POS0936 Disease trajectories of axial spondyloarthritis patients initiated on biologic DMARDs: Preliminary analysis from a real-world cohort

Rosemarie Barnett, Lewis Carpenter, Charlotte Cavill, Raj Sengupta

Research output: Contribution to journalMeeting abstractpeer-review


Background The number of biologic/targeted synthetic (b/ts) disease-modifying anti-rheumatic drugs (DMARDs) available for the treatment of axial spondyloarthritis (axSpA) are increasing. However, 1 in 4 axSpA patients may discontinue their first bDMARD within the first 12-months (1). A greater understanding of real-world axSpA disease/treatment trajectories pre- and post-bDMARD initiation is needed to inform optimal treatment for patients.

Objectives To explore the use of biologic therapies in patients living with axSpA, and estimate the natural progression of disease and patient reported measures pre- and post- initiation of first bDMARD.

Methods Data was extracted from the Bath SpA Research Biobank for all bio-naïve axSpA patients initiated on bDMARDs between 7th March 2000 and 1st February 2021. Patients were grouped based on first bDMARD. Linear regression models were used to explore changes in Bath Ankylosing Spondylitis Disease Activity Index (BASDAI), and Bath Ankylosing Spondylitis Functional Index (BASFI) over time; from 36-months before first bDMARD initiation, to 36-months after initiation. Changes in BASDAI/BASFI were estimated using piecewise mixed-effects linear regression. Models included fixed terms for age, sex, HLA-B27 status and disease duration. Switches to a second bDMARD and reasons for switching were captured.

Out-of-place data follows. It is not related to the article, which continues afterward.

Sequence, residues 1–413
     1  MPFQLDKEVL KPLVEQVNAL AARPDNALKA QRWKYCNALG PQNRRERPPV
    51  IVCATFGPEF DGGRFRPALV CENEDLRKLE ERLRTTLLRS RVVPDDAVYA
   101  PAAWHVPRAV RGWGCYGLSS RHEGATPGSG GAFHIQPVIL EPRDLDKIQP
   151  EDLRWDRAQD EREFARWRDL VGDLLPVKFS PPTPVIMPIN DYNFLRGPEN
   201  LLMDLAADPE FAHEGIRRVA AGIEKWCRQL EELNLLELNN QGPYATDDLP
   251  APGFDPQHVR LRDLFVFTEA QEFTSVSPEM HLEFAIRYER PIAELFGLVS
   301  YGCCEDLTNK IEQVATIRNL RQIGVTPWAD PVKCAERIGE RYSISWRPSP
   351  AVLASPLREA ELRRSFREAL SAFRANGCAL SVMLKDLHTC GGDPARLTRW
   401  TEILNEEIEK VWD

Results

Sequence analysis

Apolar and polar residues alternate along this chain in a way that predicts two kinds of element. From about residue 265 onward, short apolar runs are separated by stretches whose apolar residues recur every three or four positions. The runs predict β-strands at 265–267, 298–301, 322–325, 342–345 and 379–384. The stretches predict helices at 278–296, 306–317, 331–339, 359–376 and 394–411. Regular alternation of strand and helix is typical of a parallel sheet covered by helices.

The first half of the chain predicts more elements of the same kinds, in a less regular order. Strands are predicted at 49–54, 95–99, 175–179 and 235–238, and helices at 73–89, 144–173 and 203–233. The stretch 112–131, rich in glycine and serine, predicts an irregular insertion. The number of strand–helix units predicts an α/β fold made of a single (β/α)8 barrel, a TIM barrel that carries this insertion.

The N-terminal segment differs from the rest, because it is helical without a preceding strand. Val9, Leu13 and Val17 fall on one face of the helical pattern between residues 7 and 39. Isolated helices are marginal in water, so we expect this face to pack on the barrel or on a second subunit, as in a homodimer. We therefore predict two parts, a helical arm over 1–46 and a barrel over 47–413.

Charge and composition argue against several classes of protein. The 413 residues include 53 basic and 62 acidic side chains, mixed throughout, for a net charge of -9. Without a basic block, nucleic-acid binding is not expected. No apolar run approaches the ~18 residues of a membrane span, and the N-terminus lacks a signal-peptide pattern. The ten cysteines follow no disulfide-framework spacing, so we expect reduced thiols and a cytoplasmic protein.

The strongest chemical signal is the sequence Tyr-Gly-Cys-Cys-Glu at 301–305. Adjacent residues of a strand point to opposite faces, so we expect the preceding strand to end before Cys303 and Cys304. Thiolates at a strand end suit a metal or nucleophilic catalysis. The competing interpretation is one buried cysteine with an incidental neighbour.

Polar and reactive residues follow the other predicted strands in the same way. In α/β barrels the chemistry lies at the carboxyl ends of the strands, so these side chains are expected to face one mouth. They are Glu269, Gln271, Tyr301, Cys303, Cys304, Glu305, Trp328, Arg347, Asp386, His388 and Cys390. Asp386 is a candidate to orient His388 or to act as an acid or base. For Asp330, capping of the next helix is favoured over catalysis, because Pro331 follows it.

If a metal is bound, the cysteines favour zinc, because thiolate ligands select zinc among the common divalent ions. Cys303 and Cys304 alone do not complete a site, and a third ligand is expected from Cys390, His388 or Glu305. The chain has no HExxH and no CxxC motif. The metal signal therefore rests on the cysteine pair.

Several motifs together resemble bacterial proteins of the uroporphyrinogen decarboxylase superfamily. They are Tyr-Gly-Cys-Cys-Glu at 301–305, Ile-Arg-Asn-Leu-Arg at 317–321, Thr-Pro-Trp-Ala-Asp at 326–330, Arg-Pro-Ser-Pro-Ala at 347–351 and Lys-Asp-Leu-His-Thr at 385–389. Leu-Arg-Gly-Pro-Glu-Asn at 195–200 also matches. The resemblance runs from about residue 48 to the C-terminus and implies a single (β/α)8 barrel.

Results In total, 282 axSpA patients were included, and grouped into 3 cohorts based on first bDMARD: adalimumab (46.1%), etanercept (30.9%), other (23.1%; 6.4% certolizumab pegol, 5.0% golimumab, 5.3% infliximab, 0.7% rituximab, 5.7% secukinumab). Mean age at diagnosis was 30.7 (SD 11.3), 69.9% of patients were male, 11.0% diagnosed with non-radiographic axSpA and 85.3% HLA-B27 positive. In the 36-month period before bDMARD initiation, patients on average had a BASDAI score of 4.50 (95% CI 4.21-4.79) and BASFI of 4.02 (95% CI 3.68-4.38), with a linear and statistically significant worsening of 0.56 (95% CI 0.43-0.68) per year for the BASDAI and 0.55 (95% CI 0.41-0.69) for the BASFI (minimally clinically important difference defined as 1.1 and 0.6 for BASDAI and BASFI, respectively (2)). Following bDMARD initiation, patients indicated a statistically significant reduction in BASDAI to 3.13 (95% CI 2.82-3.45), 3.23 (95% CI 2.83-3.63) and 3.46 (95% CI 3.04-3.88) and reductions in the BASFI to 3.22 (95% CI 2.86-3.60), 3.06 (95% CI 2.61-3.53) and 3.64 (95% CI 3.16-4.12) for those treated with adalimumab, etanercept or other biologics respectively. Reduced scores were maintained over 36-months post initiation (Figure 1). Details of first and second bDMARD are outlined in Table 1. Reasons for switching were switch to biosimilar (32.4%), intolerance (25.1%), inefficacy (22.2%), malignancy (1.9%) or other (18.4%).

Conclusion In our study population, there was clinically meaningful worsening of disease activity over 36-months prior to initiation of first bDMARD, despite baseline (36-months prior to first bDMARD initiation) BASDAI exceeding the current threshold for bDMARD treatment (BASDAI≥4). A clinically meaningful and maintained improvement in disease activity was reported across all cohorts in the 36-months following first bDMARD initiation.
Original languageEnglish
Pages (from-to)769-770
Number of pages2
JournalAnnals of the Rheumatic Diseases
Early online date23 May 2022
Publication statusPublished - 23 May 2022


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